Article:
Today is a National Day of Honour in Canada to recognize and salute the sacrifices and the service of the men and women of Canada’s military who served in Afghanistan. It is not time for politics. It is a time for respect,
I’m taking a moment today, to pause and think about the 158 Canadian soldiers who came home from Afghanistan on the Highway of Heroes. 158 young men and women who represent the finest citizens Canada has to offer. Like our Olympians and our professional sports heroes, Canada’s soldiers dedicate themselves to their craft, honing their bodies to peak physical fitness and sharpening their minds to a razor focus that enables them to excel in their endeavours. Like our police officers, firefighters and paramedics, they dedicate themselves to public service, volunteering to stand in harms way whenever we ask them to.
Unique among Canadians, however, they voluntarily waive their own rights to security of the person so they may help protect our rights. It is only our soldiers who have no right to refuse a lawful command even if they know it will result in their death. They knew this when they signed up to be soldiers. And, they knew it when they were sent to Afghanistan. Still, almost all of them volunteered to go.
They made the world a better place, even if only for a short while, even if only in a small place, even if only for a few people.
No doubt, they also knew this risk on the last morning they woke up on this Earth, pulling on their boots (if they had the luxury of taking them off the night before) and preparing for a patrol, a raid or a normal day on the battlefield. As if there are ever any normal days on a battlefield. But, as they each prepared for their last day, I have no doubt they were well aware it could be exactly that. They knew every day came with the possibility of both horror and joy. Their days were typically touched with success and failure, despair and exultation, victory and pain, and too often with death.
Soldiers fear many things. They fear injury and illness, if for no other reason than it may hold them back when their buddies may need them most. They fear death, like every other human. But, many develop a sense of fatalism; they know everyone dies, but there are different ways, places and times to die. They’d rather die quickly, doing something important, standing shoulder to shoulder with their brothers in arms, making a difference — than at home in bed after months of suffering. Given a choice, of course, they’d rather not die at all. But, they’re not given that choice.
On their last day, I expect the Canadian soldiers who were killed in Afghanistan were thinking about the same things they thought of every day: not so much about their own mortality, but perhaps about their fear of failing their buddies, of letting down the team, of failing to perform at their best. More so, though, I expect they were thinking of the work they were doing, the successes they’d seen. Beyond doubt, I’m sure they were also thinking about their plans for upcoming leave out of the battle area and their return home after the mission.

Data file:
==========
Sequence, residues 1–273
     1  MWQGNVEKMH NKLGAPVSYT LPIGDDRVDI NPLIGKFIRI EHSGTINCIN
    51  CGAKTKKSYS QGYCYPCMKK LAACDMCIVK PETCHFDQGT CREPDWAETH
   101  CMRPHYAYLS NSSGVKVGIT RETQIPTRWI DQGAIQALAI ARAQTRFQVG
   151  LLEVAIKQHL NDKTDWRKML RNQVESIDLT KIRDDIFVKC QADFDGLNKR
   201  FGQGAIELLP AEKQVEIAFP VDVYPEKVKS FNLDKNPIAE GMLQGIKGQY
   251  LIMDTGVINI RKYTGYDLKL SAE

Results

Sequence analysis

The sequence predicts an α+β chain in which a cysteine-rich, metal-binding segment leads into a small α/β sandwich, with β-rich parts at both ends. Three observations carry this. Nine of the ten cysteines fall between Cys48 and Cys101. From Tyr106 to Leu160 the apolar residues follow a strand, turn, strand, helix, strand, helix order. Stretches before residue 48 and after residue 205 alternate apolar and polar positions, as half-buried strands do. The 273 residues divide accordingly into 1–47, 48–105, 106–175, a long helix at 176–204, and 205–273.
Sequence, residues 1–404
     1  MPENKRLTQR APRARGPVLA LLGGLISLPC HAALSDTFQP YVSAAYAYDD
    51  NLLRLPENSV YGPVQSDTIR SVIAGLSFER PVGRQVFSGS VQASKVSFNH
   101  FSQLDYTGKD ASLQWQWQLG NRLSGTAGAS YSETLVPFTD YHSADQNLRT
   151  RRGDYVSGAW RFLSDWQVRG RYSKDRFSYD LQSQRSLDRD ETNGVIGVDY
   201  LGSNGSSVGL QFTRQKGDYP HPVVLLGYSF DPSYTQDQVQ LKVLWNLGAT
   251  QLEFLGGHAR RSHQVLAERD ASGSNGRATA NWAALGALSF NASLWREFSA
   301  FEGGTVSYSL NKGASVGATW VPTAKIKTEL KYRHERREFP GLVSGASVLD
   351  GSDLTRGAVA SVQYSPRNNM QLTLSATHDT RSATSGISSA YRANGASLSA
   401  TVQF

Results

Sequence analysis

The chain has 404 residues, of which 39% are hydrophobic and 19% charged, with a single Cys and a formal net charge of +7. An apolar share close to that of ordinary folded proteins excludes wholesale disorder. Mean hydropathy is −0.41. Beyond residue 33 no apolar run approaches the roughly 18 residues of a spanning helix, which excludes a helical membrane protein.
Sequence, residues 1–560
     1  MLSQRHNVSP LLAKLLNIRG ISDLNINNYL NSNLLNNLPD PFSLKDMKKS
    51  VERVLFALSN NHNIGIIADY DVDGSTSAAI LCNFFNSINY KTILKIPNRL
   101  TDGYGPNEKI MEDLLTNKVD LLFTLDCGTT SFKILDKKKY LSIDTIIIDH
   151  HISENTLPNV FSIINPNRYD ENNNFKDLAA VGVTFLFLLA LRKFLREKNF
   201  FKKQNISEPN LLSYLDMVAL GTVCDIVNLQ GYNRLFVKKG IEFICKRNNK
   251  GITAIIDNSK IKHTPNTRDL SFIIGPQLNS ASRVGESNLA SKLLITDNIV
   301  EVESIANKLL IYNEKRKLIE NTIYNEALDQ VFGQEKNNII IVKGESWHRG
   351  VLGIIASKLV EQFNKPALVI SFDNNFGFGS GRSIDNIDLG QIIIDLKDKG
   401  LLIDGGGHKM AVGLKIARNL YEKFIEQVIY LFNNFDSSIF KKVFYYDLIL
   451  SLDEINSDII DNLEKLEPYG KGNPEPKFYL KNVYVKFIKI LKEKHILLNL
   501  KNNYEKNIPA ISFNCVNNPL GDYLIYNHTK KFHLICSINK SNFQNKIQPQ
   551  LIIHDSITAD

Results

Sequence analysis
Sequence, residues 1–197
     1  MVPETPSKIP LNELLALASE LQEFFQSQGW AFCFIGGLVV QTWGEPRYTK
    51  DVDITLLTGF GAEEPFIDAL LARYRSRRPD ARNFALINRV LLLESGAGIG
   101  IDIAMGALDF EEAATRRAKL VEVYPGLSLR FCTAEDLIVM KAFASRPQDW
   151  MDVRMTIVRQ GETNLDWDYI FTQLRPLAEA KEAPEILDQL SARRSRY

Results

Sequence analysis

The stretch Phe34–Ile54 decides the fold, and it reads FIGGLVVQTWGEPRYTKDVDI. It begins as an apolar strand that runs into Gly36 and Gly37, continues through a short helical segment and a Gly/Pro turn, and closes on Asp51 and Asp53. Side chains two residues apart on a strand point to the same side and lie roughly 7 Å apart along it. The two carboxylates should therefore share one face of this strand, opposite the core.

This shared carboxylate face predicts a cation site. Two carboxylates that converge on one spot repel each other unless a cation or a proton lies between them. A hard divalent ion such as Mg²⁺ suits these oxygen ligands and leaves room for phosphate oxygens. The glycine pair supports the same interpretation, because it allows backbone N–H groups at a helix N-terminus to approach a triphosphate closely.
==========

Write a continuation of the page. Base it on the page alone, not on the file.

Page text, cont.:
Soldiers think a lot about the first public embrace with children, friends, families and lovers on their return home as they step off a plane or a bus after a mission; and of the private embraces that will follow. They think of their first meal back in “the world,” whether it’s steak at a favourite restaurant or barbecued in the back yard; or fried chicken from a take out place or a triple cheeseburger with bacon. They think of going to the bar, hoisting a few beers with their buddies and chatting up prospective dates. They think about sitting on a bench on the street or in a shopping mall, while a sea of happy, beautiful, peaceful, normal Canadians — the people, the society, they have sworn to serve and to protect — washes over them, recharging their faith in humanity, refilling their sense of perspective, reconnecting them with all that is good in the world.
But, of course, for those 158 Canadians thinking of these things on their last day in Afghanistan, none of this would happen. There would be no public or private embraces with lovers, children, parents. There would be no favourite meals, celebratory nights out or cathartic walks through the mall. They didn’t know it then, but it was their last day.
What I hope they knew, is that they died for a purpose. They made the world a better place, even if only for a short while, even if only in a small place, even if only for a few people. And, I hope their families and friends who were robbed of those embraces and happy moments that will now never occur, know it to.
To those who perished on my behalf in Afghanistan; to those who were wounded there, whether physically or mentally, and whose lives are forever changed; and to your families and friends: thank you. Thank you for your sacrifice. Thank you for your service. You will never be forgotten.
Thanks to Robert Allen @King_Rob674 for the photo.